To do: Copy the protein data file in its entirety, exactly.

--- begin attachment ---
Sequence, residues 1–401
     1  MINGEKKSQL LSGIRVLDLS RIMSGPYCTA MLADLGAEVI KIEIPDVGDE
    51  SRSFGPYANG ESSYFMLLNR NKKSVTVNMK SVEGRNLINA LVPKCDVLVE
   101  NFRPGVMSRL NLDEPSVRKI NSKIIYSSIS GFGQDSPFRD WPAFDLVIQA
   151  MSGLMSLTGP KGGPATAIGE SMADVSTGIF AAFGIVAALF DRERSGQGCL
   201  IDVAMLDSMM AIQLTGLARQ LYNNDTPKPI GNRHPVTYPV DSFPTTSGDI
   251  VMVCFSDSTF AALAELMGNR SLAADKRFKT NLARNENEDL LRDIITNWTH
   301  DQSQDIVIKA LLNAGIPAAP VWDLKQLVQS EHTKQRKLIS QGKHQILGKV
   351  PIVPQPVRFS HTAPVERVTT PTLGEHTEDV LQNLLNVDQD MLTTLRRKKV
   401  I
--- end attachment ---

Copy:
Sequence, residues 1–401
     1  MINGEKKSQL LSGIRVLDLS RIMSGPYCTA MLADLGAEVI KIEIPDVGDE
    51  SRSFGPYANG ESSYFMLLNR NKKSVTVNMK SVEGRNLINA LVPKCDVLVE
   101  NFRPGVMSRL NLDEPSVRKI NSKIIYSSIS GFGQDSPFRD WPAFDLVIQA
   151  MSGLMSLTGP KGGPATAIGE SMADVSTGIF AAFGIVAALF DRERSGQGCL
   201  IDVAMLDSMM AIQLTGLARQ LYNNDTPKPI GNRHPVTYPV DSFPTTSGDI
   251  VMVCFSDSTF AALAELMGNR SLAADKRFKT NLARNENEDL LRDIITNWTH
   301  DQSQDIVIKA LLNAGIPAAP VWDLKQLVQS EHTKQRKLIS QGKHQILGKV
   351  PIVPQPVRFS HTAPVERVTT PTLGEHTEDV LQNLLNVDQD MLTTLRRKKV
   401  I